Take the following pledge:

I agree that Arsenal do not need another midfielder.
Arsenal are not rebuilding.
Arsenal have depth.
Arsenal have youth.
Arsenal have experience.
I will stop fetishizing the defensive midfield position.
I will no longer pretend that defense is an individual pursuit.
I will stop saying that one man made the difference to Arsenal’s glorious end of season run-in.



Put simply, I was as bummed out as anyone that Morgan Schneiderlin joined Manchester United. I’ve been following Schneiderlin for three years now and I think he’s probably the best all round midfielder in the League. Well, the best all round midfielder who doesn’t play for Arsenal.

That’s the thing, isn’t it? Arsenal are stocked in the midfield department. Let’s skip over the Özil position and move straight into center mid. In central midfield, Arsenal have three of the best players in the League: Santi Cazorla, Jack Wilshere, and Aaron Ramsey. In fact, Arsenal are so stocked in midfield that English international, Jack Wilshere, a player that many Arsenal fans value at around £80m, can’t even get a start.

The central midfield position is settled, folks. And notice I didn’t even have to dip into the elder Arsenal player barrel to stack up more midfielders. But Rosicky is there, chomping at the bit to get a chance to play for Arsenal.

That’s four players for one position. It’s so crowded in that department that Wenger had to deploy Wilshere and Ramsey on the wings last season in order to get them playing time. And playing time is important for them because they are up and coming players.

That leaves us with the DM, the Danger Mouse position.

I have said all summer that I don’t want Arsenal to waste money or squad positions buying a player who is at the same level as Francis Coquelin. And Arsenal absolutely do not need a backup for Coquelin, in other words, someone who is worse than him. But hey let’s just keep saying the same things over and over again…

Coquelin is fantastic in terms of his defensive work. He plays the passing lanes well, he tackles well, he breaks plays up, he is great in the air, he is brave in all challenges (he had his nose broken twice in the same game last year), and when he does fall off tactically and is out of position he has the speed to get back quickly.

Most of what Coquelin does well he does well because he’s humble. Unlike Alex Song before him, Coquelin stays in position, he doesn’t wander into the attack, and he’s there to help recover the ball and recycle Arsenal’s attack. My guess is that Coquelin had more ball recoveries than any other player in the League (per90) but I don’t have the stats to back that up and I’m not going to dig through every game and check.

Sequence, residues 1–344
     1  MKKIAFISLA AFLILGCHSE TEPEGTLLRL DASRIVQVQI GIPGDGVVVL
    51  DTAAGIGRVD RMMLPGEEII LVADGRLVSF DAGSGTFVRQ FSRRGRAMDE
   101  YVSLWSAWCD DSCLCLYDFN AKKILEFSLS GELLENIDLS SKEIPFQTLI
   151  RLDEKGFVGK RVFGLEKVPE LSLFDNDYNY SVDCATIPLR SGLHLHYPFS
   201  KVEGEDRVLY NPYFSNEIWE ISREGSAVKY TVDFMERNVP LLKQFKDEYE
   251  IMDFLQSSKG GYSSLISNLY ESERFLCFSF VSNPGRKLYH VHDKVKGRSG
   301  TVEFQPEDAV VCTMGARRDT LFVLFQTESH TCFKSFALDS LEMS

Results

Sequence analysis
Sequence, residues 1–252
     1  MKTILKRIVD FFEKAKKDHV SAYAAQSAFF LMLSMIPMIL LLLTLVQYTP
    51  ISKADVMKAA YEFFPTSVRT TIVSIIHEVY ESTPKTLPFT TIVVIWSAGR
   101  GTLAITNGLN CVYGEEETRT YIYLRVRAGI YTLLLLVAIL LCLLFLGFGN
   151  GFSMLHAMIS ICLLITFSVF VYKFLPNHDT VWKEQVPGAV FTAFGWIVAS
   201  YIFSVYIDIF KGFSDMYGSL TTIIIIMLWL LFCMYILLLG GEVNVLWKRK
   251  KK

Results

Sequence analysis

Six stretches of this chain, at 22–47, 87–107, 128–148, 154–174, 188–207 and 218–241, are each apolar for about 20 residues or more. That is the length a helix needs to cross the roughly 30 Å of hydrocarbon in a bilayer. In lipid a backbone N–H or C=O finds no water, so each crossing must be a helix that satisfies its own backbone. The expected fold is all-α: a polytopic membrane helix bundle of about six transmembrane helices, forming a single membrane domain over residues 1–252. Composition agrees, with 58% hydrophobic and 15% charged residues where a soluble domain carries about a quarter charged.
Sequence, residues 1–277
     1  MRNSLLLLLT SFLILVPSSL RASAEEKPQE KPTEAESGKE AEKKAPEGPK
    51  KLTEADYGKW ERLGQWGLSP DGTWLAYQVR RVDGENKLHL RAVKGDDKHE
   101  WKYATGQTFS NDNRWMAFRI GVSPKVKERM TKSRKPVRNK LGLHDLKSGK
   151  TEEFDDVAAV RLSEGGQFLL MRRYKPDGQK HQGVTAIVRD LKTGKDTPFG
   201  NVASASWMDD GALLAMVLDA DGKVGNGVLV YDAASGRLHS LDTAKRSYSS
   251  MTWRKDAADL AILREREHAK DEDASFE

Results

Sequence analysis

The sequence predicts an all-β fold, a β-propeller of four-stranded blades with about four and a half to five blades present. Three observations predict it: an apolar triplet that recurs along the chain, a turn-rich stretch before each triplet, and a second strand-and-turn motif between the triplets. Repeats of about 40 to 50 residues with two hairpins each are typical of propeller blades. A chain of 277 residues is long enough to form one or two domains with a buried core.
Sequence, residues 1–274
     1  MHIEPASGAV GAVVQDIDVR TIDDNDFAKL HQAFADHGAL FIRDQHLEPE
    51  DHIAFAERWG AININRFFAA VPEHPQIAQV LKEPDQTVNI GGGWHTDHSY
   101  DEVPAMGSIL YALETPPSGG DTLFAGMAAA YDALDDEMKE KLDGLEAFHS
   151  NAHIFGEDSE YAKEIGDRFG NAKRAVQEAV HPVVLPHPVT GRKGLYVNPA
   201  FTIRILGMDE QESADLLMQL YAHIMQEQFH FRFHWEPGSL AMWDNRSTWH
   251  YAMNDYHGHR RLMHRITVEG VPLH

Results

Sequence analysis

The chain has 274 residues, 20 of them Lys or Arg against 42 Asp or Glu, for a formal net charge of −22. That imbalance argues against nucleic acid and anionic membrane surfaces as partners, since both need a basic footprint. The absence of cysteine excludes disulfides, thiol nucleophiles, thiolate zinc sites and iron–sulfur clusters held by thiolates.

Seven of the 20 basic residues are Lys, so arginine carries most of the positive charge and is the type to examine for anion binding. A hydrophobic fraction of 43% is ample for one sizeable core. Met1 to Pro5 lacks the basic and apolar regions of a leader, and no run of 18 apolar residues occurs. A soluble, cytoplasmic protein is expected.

Where Coquelin struggles to add to the team is in possession or when Arsenal are chasing a game. It’s plain to see in most matches that Coquelin’s teammates don’t use him in possession. He averaged 20 fewer passes per game last season than Cazorla. That’s not to say that he’s not ever used, he still gets the ball quite a bit, but he’s not integral to Arsenal’s possession. And when Arsenal needed to add creativity to the team, Coquelin was often subbed off for Ramsey or Wilshere.

Arsenal already have several “worse than Coquelin” options to play in the DM position. Flamini is worse than Coquelin. Bielik is worse than Coquelin. And I would say that Chambers is slightly worse than Coquelin. So, please, spare me the argument that Arsenal need to buy some garbage-legs to run around and break up play. If you really just want someone to run around a bit (Harry Redknapp style), break up play a bit, and pass the ball a bit, Calum Chambers is as good at that as anyone on the team. In fact, I am totally comfortable with Calum Chambers as Coquelin’s understudy. I have no qualms about saying that, I’m not drunk, I’m not stupid, I’ve watched these players play and I know what each of them adds to each position on the pitch. You want cover? Calum Chambers is adequate cover for Francis Coquelin.

I see Schneiderlin as a younger version of Mikel Arteta or Michael Carrick. His passing range and accuracy are the same, his tackling and interceptions are the same, and his defensive ability is the same as Arteta. He’s younger, so his ability to track back and make recovery runs is better than Arteta but he’s also less experienced and lacks the tactical brilliance of Arteta. That’s why Southampton played him along side Victor Wanyama. Wanyama was the Coquelin, shielding the back four and allowing Schneiderlin to be more of a roaming second DM-ish player. Schneiderlin is a great all-round center mid but he’s absolutely NOT a destroyer.

Carrick, Schneiderlin, and Arteta when he was younger are all a type of modern DM. Like Busquets, Schweinstiger, and Xabi Alonso these are all talented all round midfielders who put their ego aside and play in a more defensive position for the team. In that sense, Schneiderlin would be an upgrade on Coquelin. He would play as a more cultured defensive midfielder and less as the “run around a bit and get stuck in” guy that so many fans want.